Palm Beach County School District hopes to expedite vaccines for teachers, approves pay raises

Superintendent Donald Fennoy sends letter to Gov. Ron DeSantis
Palm Beach County School District logo
Posted at 3:32 PM, Jan 13, 2021
and last updated 2021-01-13 23:23:15-05

WEST PALM BEACH, Fla. — Vaccines for teachers were the focus of a special meeting held by the Palm Beach County School Board Wednesday evening.

The meeting was the first by the board this year.

Superintendent Dr. Donald Fennoy sent a letter to Florida Gov. Ron DeSantis Tuesday asking the governor to make the vaccine available to school district employees.

Fennoy's letter asks the governor to authorize all school district employees to be classified as essential workers for COVID-19 vaccinations. He said this will allow schools to remain open.

However, Fennoy knows the governor has a hardline stance on the issue.

"Our local officials that work in Tallahassee know very clear what the issues are, and we spent a long time discussing that," he said.

Fennoy said not only are senior citizens a priority, but there's also the issue of available inventory.

"To be perfectly honest with you, the biggest issue is the supply chain. That is the issue. So, until there are enough tests to be in the county, there's nothing else really to do," he said.

Currently, teachers in Florida are not eligible to receive the COVID-19 vaccine unless they are 65 and older or are deemed to be "extremely vulnerable to COVID-19 by hospital providers."

However, Florida's Surgeon General Scott Rivkees told lawmakers Wednesday during the Senate's Health Policy committee that seniors will stay the priority, for now.

School Board member Barbara McQuinn lashed out at DeSantis for not already making the move to prioritize teachers.

"It simply defies all logic that our governor has not made our … employees with direct student contact a priority for vaccinations," said Quinn.

Palm Beach County School Board member Barbara McQuinn
Palm Beach County School Board member Barbara McQuinn voiced her displeasure with Gov. Ron DeSantis for not including teachers in the state's vaccination plan.

Board member Eric Whitfield thanked Fennoy for sending the letter and making the recommendation to the governor.

"I think this is a high priority that we really prioritize our staff because I do believe that it is the backbone of the economy to keep education going and keeping the schools open," Whitfield said.

Justin Katz, president of the Classroom Teachers Association, spoke at Wednesday's meeting and said he appreciated the board's forethought to take action on the matter and develop a plan.

"Better to have (a plan) and not need it, then need one and not have it," Katz said. "We don't know what's going to happen with the governor's decision making and granting that priority status to employees of school districts, but it's better to be prepared."

Justin Katz
Classroom Teachers Association president Justin Katz applauded Palm Beach County Superintendent's letter to the governor asking that school district employees be classified as essential workers.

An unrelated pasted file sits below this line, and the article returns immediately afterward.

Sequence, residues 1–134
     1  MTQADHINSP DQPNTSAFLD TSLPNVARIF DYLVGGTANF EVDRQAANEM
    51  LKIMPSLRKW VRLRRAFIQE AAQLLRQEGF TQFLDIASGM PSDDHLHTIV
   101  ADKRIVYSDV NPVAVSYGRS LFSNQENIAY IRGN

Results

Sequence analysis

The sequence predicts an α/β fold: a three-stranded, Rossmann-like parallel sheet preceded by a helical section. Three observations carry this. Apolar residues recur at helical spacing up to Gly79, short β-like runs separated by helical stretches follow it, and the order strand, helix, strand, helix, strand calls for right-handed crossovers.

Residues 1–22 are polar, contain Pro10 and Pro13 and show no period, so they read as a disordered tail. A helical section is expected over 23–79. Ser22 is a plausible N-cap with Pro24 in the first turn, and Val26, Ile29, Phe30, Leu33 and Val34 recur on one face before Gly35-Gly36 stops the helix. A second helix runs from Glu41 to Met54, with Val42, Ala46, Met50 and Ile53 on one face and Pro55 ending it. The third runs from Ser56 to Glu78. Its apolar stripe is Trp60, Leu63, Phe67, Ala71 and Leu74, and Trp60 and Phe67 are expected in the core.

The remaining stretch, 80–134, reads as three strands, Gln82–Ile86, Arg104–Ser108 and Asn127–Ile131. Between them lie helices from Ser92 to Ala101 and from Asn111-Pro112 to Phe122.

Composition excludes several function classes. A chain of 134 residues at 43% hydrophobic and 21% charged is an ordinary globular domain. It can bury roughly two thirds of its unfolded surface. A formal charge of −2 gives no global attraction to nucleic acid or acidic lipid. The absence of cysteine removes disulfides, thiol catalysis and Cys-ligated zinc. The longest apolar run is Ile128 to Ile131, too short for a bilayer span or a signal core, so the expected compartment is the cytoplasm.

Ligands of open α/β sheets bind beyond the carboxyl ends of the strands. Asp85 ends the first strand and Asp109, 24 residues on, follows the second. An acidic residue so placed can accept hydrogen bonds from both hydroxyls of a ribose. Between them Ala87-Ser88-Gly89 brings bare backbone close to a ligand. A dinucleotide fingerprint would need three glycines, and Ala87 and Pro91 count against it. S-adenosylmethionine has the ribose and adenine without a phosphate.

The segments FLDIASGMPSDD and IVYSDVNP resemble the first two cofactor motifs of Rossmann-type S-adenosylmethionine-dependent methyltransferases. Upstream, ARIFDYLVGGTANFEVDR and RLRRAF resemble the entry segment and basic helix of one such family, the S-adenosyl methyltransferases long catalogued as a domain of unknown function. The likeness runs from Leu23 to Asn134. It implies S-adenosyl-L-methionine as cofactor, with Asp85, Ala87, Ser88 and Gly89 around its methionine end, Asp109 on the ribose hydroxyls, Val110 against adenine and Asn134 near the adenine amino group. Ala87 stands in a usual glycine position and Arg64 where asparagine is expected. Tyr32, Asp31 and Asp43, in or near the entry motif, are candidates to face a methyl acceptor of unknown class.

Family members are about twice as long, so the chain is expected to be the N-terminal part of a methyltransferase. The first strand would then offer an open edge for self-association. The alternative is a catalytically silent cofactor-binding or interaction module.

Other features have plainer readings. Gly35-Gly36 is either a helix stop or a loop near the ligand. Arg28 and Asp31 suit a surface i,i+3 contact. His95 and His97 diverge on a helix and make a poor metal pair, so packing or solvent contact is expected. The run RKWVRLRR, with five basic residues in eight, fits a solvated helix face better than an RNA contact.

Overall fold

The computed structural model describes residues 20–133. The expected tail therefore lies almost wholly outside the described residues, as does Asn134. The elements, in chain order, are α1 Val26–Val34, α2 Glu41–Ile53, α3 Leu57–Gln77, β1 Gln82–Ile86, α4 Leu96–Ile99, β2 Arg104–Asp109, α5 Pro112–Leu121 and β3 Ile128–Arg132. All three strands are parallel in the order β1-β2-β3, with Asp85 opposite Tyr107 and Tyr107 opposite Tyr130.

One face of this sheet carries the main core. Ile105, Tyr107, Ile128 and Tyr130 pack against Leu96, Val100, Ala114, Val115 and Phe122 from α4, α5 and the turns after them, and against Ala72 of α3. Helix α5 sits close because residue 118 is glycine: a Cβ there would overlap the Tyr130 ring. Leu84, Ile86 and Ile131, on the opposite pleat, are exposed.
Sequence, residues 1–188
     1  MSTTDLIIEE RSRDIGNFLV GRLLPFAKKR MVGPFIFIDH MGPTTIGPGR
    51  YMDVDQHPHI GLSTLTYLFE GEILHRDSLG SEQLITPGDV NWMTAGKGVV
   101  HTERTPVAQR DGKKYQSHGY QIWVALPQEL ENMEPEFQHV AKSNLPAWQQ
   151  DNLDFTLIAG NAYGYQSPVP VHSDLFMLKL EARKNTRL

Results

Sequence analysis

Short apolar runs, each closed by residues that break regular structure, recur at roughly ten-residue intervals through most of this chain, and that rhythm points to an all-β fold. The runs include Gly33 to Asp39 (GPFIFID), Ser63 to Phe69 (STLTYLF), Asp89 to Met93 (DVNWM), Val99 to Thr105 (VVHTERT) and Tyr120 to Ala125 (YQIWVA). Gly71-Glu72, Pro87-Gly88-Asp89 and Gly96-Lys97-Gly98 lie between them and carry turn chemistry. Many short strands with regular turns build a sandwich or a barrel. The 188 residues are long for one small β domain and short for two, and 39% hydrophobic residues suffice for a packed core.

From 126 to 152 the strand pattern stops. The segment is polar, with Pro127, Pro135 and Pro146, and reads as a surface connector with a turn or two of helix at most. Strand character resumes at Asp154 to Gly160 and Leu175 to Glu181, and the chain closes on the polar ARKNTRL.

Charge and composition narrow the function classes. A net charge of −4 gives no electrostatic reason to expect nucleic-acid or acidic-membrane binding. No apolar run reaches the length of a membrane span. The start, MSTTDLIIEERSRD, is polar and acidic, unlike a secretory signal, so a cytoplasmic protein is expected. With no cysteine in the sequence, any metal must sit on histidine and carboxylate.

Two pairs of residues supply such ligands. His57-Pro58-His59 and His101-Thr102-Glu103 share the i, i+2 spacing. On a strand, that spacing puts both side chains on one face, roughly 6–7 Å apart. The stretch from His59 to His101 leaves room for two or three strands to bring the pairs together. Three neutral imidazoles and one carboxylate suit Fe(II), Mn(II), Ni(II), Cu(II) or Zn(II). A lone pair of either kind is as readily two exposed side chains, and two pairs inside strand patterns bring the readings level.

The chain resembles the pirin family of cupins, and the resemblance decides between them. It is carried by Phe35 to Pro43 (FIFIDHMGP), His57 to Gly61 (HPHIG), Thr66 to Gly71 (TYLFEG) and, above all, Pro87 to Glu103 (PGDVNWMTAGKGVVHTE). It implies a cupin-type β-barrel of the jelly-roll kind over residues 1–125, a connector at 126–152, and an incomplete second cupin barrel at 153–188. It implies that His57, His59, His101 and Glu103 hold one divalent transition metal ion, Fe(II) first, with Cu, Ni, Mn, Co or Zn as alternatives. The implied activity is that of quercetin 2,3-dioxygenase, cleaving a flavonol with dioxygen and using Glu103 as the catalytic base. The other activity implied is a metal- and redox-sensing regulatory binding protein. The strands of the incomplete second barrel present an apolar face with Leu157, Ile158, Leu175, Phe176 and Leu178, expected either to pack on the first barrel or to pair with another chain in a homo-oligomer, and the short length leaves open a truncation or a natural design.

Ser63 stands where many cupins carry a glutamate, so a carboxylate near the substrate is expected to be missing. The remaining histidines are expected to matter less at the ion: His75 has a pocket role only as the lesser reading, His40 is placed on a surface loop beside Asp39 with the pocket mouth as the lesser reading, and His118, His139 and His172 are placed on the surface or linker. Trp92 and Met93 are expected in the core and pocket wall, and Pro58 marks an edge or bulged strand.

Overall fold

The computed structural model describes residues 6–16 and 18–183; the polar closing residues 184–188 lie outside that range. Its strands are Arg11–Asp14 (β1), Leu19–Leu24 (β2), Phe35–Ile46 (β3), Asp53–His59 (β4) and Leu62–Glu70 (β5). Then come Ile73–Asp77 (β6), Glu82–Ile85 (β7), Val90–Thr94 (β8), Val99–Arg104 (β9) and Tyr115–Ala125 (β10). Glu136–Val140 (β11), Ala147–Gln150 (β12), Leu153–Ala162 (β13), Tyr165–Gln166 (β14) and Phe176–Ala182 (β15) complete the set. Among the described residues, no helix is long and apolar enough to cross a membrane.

Katz also applauded Fennoy's letter to the governor and said the state's teacher union and the American Federation of Teachers are advocating for this priority status for educators.

"If we all want schools to be open, if we all want to go back to as normal a situation as possible that the vaccination is the silver bullet to get to that place," Katz said. "The teachers are with you."

School board member Dr. Debra Robinson said Fennoy's request should include bus drivers.

"I'm really clear, as I've said before, that the bus drivers are in the highest risk position," Robinson said.

School board member Marcia Andrews advocated for developing their own vaccination plan and sending it to the state.

"We need to come up with our own Palm Beach County plan and submit it to the governor as to how it would look for vaccinations for us. We've got enough schools and buildings to do what we need to do," Andrews said.

The board unanimously approved an agreement between the school district and the Classroom Teachers Association, which results in the starting salary for new teachers increasing from about $41,000 to $47,500.

The bump in pay will be retroactive to July of last year.

Veteran teachers or those already making $47,500 will see a 3.5% pay raise after the school district kicked in additional funds. The raise from state funds for veteran teachers were expected to be 1.7%. The school district pitched in the additional 1.8%.

Finally, the board spent a large portion of the meeting working to enhance the effectiveness of the Office of Inspector General to serve the school district better.

The board outlined a four-point plan that included:

  • Improving employee responsibilities requiring workers to report "known" ethical misconduct
  • Add the requirement for school district staff to cooperate fully with the OIG
  • Add a requirement that administrators and staff review the OIG policy annually
  • Removes the requirement to post investigation report on the OIG website

The board voted to table this item until the next special meeting on Feb. 3.